How Gravity Can Provide Large-Scale Energy Storage

Solar, wind, hydro, and geothermal are all touted as pathways toward a greener future. They provide finite, efficient renewable energy options with a far lower environmental footprint than fossil fuels.

How Gravity Can Provide Large-Scale Energy Storage

According to the United States Energy Information Administration (EIA), from 2008 to 2018, renewable energy generation doubled, reaching 17.6% of US energy generation. Organizations like the EIA and International Energy Agency (IEA) expect these figures to increase significantly around the globe.

According to the EIA, the growth "in renewable technologies in the United States, particularly in wind and solar, has been driven by federal and state policies and declining costs. Federal policies such as the American Reinvestment and Recovery Act of 2009 and the Production Tax Credit and Investment Tax Credits for wind and solar have spurred project development."

The shift can also be attributed to state-level policies, capacity additions, and public demand.

Renewable energy generation - and alternative energy in general- is a welcoming sight for a future of sustainable development. Besides reducing greenhouse gas emissions, it is helping provide energy to rural areas that either don't have access to local grids or have access but have difficulty affording it.

For example, Kodiak Island, located in the northern Pacific near mainland Alaska, hit 99% of energy from renewable sources utilizing wind and hydropower, allowing the small island to be more self-reliant and providing residents with a cleaner energy option.

Though renewable energy technology is constantly lowering costs and improving ease of installation, some challenges are still apparent.

One of the more prominent ones hindering the adoption of renewables is large-scale battery storage. Currently, there are options for storing and maintaining energy for future use. However, they are typically at small capacity, preventing 24/7 access to green energy and blocking further implementation.

To combat this challenge, researchers are working to improve storage capacity to a level compatible with renewables. One such instance can be seen with Energy Vault. The Swiss-based startup recently announced a breakthrough storage option that could change the game for renewable energy.

Gravity Powered Storage

Energy Vault has set out to create a way to store energy utilizing gravity. Their concept integrates kinetic force to store energy.

According to Energy Vault's website, "The system uses proprietary technology to autonomously orchestrate the lifting and lowering of the bricks, storing the potential energy in the elevation gain, and generating then discharging electricity as the bricks are lowered. Importantly, the bricks are made from locally sourced soil, sand, or waste materials, including outputs of fossil fuel production, like coal combustion residuals, and end of life energy components, such as wind blades."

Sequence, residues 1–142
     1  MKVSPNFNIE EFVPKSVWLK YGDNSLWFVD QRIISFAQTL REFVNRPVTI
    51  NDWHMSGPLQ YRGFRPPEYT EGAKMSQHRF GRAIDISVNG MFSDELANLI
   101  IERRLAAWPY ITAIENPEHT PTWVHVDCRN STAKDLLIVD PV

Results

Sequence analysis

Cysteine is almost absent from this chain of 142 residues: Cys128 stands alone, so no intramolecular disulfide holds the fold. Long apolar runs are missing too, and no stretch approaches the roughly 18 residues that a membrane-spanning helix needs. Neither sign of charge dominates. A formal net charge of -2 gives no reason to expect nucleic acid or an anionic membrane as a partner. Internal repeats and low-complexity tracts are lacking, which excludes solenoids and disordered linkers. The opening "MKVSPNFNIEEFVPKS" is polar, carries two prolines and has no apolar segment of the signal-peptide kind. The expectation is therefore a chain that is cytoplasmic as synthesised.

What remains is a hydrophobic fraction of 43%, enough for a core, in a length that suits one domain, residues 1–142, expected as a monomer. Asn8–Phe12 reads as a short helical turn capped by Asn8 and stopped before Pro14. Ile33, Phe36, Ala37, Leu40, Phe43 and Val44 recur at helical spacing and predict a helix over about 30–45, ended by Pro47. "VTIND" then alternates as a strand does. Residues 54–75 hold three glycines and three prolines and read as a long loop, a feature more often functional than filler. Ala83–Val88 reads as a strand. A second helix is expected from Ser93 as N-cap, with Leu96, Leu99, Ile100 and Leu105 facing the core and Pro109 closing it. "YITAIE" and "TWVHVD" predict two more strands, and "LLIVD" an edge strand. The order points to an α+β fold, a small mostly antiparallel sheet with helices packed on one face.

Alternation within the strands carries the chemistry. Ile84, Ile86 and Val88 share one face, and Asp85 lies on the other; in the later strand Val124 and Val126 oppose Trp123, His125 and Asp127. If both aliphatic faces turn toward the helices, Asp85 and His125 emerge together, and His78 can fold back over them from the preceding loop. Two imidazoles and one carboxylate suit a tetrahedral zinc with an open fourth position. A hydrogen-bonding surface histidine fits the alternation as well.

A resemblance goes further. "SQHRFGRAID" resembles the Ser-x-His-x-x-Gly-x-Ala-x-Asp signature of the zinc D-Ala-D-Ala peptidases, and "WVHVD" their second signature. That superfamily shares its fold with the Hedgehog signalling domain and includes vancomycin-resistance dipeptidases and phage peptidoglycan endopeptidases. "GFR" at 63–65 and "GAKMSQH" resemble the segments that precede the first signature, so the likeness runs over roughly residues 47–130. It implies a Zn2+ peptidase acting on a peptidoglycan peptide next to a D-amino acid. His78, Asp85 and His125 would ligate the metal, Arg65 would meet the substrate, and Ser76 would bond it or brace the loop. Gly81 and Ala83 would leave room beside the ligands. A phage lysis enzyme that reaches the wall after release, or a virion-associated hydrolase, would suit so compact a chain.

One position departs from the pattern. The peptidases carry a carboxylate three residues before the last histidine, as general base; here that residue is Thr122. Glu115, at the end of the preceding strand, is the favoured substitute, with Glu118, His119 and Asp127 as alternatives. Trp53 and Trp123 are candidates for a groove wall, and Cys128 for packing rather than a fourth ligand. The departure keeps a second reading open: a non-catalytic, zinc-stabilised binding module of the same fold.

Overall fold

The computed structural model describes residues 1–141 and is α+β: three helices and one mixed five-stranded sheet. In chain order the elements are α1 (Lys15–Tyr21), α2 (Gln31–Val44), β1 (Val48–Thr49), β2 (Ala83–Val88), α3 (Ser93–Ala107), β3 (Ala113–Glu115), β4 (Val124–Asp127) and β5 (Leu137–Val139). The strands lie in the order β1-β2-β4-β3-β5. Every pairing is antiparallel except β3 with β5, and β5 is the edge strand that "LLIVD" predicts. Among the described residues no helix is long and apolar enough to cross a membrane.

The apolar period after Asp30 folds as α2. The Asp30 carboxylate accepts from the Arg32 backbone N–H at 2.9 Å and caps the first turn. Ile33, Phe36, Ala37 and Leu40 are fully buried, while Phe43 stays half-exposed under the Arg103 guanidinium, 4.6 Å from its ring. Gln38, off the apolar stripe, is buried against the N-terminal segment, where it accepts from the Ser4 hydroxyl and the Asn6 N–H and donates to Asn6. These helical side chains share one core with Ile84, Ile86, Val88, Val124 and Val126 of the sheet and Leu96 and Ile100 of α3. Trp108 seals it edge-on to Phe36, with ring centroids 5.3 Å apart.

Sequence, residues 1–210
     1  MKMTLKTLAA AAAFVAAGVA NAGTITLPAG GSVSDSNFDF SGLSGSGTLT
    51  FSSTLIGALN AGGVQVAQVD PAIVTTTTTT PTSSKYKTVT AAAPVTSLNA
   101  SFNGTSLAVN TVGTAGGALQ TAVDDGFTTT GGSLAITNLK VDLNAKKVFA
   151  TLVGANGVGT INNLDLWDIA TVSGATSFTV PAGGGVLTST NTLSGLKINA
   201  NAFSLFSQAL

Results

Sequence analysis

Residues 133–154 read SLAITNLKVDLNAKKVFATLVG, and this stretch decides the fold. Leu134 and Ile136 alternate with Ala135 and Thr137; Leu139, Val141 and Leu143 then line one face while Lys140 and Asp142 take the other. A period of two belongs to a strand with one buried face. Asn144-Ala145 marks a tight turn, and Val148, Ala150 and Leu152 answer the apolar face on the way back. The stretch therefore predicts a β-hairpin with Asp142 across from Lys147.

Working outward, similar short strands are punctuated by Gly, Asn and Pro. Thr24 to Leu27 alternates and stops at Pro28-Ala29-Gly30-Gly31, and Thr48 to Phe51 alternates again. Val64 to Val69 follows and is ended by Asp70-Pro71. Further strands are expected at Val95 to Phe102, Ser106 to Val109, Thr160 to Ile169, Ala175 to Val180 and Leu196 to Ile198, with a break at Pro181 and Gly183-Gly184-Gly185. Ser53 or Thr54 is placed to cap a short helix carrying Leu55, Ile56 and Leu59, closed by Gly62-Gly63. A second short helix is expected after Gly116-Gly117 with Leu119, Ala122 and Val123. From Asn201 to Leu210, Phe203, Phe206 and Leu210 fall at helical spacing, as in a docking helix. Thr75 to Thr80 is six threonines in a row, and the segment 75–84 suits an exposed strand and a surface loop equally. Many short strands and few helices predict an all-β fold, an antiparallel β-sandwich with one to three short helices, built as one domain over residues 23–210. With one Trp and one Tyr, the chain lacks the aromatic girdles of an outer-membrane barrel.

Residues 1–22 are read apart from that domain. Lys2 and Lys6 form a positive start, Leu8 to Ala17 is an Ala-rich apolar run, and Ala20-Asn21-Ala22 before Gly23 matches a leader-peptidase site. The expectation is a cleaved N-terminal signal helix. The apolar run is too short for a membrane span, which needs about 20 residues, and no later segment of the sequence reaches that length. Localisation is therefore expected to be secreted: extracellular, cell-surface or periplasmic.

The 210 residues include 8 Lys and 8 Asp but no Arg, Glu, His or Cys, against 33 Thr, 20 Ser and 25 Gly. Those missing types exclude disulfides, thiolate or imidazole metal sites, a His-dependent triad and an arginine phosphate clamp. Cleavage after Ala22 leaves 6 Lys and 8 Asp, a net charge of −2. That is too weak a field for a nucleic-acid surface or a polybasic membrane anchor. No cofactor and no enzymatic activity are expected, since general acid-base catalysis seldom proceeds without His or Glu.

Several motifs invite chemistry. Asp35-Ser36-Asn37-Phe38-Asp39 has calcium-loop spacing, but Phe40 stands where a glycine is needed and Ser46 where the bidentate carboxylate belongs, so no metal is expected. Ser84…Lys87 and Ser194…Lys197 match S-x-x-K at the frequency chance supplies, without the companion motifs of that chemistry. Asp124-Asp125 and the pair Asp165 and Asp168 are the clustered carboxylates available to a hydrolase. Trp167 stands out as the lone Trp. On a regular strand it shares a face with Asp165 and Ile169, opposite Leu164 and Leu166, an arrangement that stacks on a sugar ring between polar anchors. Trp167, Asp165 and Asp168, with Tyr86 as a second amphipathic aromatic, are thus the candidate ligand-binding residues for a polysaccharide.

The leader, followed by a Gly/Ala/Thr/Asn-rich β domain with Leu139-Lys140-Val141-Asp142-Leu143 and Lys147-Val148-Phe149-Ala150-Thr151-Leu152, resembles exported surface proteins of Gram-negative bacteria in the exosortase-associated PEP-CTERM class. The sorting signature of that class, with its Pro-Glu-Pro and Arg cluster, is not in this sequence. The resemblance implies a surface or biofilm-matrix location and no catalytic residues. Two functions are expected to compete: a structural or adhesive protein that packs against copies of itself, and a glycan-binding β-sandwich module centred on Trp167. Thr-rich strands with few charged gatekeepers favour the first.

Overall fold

Further, the process will be implemented when generated energy from renewable sources exceeds grid demand, transferring excess power to storage in blocks - one block equaling 1MW of energy.

To remove the fuel, autonomous software will lower the blocks, which will create "electricity through the kinetic energy released from weight turning large motors that generate and dispatch electrical energy."

A Fast Growth

According to Energy Vault, gravitational storage is superior to battery storage because it doesn't degrade over time, is more economically sound, prevents waste from entering landfills, and is highly scalable to even industrial levels.

The composite blocks can even be made using wind turbine blades, providing a feasible end-of-life option and effectively lowering the environmental footprint of wind energy.

Reports state that Energy Vault has successfully created a demonstration unit to test their concept via a 250ft crane that raises and lowers 35-ton blocks. When scaled up and fully operational, the crane would be able to lift and lower up to 7,000 bricks, storing enough energy to power thousands of homes for up to eight hours.

Energy Vault's fast growth and impressive technology have landed it a rather prestigious reputation for a company founded in 2017. A recent merger with Novus Capital Corporation II allowed Energy Vault to go public on the New York Stock Exchange, providing more access to resources for the continued development of their technology.

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